Filial Play Therapy Process of a Malaysian Parent

Filial Play Therapy Process of a Malaysian Parent

Diana-Lea Baranovich (University of Malaya, Malaysia) and Cheng Chue Han (University of Malaya, Malaysia)
DOI: 10.4018/978-1-5225-6073-9.ch005
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In Malaysia, some parents leave the duties of child rearing to their domestic helpers. This can cause much trauma to a preschool child who has been raised by his domestic helper if the domestic helper leaves the family. The domestic helper was the primary caregiver of the child; hence, when the domestic helper leaves, the child feels that his “mother” has abandoned him. This in turn cause the child to respond via very negative acting out behaviors. This chapter presents a case study using filial play therapy as a therapeutic intervention for a pre-school child and his mother after the domestic helper left the family. This therapeutic process enhanced the bonding between the child and his mother. As a result of better bonding, the child's negative behaviors subsided.
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Great emphasis has been placed on the importance of being a multicultural counseling in the new millennium. A multicultural aware counselor is, in the context of psychotherapies, a type of therapy which takes into account both racial and ethnic diversities of the client, further taking into consideration their sexual orientation, spirituality, ability and any disabilities, social class and economics, and the potential for any cultural bias by the practitioner. The American Psychological Association (2017) defines multicultural counseling as counseling patients while taking into consideration their cultural believes and how that may affect their treatment. Multicultural counseling is especially important to Malaysian mental health practitioners because Malaysia is a multicultural country that comprises mostly of three main races: Malays (who account for more than 50% of the population), Chinese (who comprise of roughly 25% of the population), and Indians (around 10% of the population). Other ethnic groups do exist within the country as well such as people from Indigenous tribes and those of Eurasian decent (WorldAtlas, 2017).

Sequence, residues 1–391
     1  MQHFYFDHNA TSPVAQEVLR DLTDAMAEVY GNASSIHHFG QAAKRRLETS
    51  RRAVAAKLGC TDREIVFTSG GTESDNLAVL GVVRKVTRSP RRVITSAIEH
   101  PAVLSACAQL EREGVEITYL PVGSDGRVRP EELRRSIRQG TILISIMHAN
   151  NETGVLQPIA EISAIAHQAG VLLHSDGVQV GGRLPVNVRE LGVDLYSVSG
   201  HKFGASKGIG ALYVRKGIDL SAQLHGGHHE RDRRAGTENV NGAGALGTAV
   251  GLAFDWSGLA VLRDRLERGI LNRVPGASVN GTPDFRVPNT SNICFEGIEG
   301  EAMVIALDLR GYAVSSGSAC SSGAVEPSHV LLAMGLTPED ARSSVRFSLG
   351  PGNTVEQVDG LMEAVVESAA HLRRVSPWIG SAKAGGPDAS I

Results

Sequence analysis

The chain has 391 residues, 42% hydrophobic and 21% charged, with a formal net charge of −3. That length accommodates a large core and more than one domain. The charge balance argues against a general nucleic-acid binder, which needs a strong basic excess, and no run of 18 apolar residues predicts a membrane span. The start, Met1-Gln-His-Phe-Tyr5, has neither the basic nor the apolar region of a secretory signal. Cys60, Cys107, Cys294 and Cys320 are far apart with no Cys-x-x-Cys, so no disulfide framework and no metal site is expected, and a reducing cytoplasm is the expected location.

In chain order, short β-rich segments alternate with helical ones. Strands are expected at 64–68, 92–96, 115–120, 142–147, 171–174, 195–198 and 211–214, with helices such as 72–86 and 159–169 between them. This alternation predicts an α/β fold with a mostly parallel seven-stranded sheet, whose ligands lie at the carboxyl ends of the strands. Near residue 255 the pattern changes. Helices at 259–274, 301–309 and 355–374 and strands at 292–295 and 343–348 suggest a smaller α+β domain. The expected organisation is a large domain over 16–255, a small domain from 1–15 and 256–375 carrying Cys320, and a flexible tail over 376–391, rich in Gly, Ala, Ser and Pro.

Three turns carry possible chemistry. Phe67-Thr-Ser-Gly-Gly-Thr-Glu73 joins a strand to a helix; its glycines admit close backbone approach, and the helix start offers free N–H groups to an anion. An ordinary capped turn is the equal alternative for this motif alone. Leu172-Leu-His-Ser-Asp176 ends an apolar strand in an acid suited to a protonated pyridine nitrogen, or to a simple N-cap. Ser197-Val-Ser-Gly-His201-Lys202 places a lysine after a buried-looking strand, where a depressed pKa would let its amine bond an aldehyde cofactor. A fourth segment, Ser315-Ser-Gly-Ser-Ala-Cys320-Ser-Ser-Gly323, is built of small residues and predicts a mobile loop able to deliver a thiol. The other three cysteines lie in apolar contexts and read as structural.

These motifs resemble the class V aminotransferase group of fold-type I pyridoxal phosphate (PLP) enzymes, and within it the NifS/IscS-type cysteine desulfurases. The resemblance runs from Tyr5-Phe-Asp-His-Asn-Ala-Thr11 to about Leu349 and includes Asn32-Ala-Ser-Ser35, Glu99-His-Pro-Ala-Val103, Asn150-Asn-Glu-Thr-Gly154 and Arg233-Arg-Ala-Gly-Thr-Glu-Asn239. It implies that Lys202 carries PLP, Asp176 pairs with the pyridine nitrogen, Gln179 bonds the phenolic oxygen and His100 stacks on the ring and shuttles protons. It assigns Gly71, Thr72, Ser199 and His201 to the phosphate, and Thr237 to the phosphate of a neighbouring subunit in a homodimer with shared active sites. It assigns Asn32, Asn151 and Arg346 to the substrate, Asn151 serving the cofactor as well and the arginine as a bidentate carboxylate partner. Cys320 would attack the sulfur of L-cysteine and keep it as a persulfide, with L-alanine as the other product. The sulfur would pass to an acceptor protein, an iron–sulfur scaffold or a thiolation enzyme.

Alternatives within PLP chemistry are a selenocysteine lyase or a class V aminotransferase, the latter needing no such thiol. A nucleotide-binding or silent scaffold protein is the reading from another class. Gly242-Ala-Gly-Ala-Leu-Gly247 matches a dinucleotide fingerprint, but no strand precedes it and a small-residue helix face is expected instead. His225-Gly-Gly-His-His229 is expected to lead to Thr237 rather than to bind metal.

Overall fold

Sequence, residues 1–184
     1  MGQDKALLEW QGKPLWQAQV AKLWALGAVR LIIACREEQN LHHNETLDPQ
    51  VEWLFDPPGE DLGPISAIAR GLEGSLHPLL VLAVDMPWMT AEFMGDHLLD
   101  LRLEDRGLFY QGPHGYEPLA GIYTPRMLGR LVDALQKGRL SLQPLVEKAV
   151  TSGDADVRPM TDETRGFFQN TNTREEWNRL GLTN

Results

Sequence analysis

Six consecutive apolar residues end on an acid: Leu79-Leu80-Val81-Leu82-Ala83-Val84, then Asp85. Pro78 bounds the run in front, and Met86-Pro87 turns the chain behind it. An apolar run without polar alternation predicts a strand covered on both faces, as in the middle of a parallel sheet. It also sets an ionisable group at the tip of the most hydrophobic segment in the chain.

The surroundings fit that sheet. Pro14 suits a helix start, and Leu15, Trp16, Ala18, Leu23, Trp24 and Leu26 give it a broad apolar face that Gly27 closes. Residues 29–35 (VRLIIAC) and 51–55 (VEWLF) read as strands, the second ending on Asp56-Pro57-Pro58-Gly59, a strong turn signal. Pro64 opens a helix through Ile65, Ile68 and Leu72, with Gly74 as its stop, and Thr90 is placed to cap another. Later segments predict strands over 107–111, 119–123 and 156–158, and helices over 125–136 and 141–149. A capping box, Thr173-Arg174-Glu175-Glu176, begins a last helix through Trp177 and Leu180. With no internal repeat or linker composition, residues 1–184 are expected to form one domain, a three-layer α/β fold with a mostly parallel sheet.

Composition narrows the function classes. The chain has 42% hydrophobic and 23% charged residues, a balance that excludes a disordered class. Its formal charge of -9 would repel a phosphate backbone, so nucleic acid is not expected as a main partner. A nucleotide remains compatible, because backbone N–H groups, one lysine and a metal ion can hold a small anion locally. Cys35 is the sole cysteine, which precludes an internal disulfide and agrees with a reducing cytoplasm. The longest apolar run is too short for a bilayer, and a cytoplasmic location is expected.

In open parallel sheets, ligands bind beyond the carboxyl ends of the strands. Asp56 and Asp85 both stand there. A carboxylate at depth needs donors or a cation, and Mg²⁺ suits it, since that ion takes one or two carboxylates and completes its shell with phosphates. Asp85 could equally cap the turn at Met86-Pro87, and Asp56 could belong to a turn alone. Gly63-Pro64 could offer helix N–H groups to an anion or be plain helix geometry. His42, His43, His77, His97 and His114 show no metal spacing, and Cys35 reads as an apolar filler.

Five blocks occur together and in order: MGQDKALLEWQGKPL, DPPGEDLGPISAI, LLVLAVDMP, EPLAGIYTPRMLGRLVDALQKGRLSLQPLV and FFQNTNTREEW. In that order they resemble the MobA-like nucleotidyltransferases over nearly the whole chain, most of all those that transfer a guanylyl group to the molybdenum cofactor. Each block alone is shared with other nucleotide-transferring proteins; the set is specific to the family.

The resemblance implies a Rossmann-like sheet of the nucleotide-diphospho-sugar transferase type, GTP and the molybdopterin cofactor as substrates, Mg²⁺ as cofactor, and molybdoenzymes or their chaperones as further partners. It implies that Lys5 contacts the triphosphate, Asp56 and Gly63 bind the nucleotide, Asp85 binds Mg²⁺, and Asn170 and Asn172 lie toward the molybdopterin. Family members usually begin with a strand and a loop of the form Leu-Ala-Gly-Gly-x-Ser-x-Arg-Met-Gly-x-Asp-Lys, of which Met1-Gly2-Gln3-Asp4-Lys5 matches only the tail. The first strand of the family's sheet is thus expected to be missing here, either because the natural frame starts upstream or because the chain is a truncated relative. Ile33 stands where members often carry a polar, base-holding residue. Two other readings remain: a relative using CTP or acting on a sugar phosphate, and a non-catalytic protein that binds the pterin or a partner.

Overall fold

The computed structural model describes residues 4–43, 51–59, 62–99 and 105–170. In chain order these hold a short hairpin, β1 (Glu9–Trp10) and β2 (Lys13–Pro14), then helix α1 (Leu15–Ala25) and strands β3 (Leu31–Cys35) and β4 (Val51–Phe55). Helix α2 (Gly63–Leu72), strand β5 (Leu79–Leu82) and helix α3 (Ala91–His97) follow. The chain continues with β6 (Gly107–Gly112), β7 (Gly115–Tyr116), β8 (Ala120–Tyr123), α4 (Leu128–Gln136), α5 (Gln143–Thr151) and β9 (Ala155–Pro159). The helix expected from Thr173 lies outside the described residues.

One aspect of human development is universal is the attachment and bonding process between infants and children and their primary caregiver. As John Bowlby stated, “The bond that a child develops to the person who cares for his in his early years is the foundation for his future relationships. (Bowlby, 1979)

However, there are times when secure attachment between an infant and his mother is not created due to a myriad of reasons. One such reason here in Malaysia is when the mother, consciously or unconsciously relinquishes caregiver of the child to their live-in domestic helper. This in turn creates a situation whereby the domestic helper becomes the “mother” figure in the child’s life and the birth mother becomes a secondary caregiver. Such a family dynamic becomes detrimental to the child when the caregiver leaves the family during the child’s pre-school years. The child feels abandoned. This often leads to oppositional behaviors in the child. At this point not only is grief therapy needed for the child, but attachment therapy for the mother and child.

One form of child – parent attachment therapy that has proven to be successful in several countries with diverse populations is filial play therapy.

In 1964, Bernard Guerney formally introduced filial therapy to help children who experience behavioral and emotional issues. In filial therapy, parents are trained to be therapeutic agents by the therapist and have to engage in twice- weekly 20 minutes of non-directive play with the target child. Filial therapy has been tested as an effective method across various cultures, family structures, and presenting issues. Filial therapy is coined as the golden therapy by Cornett and Bratton (2015) simply for the reason that it has yielded an abundance of valuable and long lasting benefits for parents and children. From the psychological perspective, filial therapy is a therapy that emphasizes the connection between parent and child in term of emotion, behavior, and understanding. The tool of the filial therapy is playing. Play and children is a crucial combination. The child needs to play to help the growth and develop in a healthy situation. Children also use play to find solutions to problems. Play can be healing too in some cases that involve emotion and behavior issue. In addition, as an adult parent will understand how a child views the world by watching and joining in their play. Filial therapy also enhances parents parenting skill. Parents have the opportunity to learn special skills for the play sessions which these skills might be transferred to daily life practice. The main skills are structuring skills, emphatics skills, imaginative play skills, and limit setting skills. One might say that filial therapy will give benefit to both child and parent.

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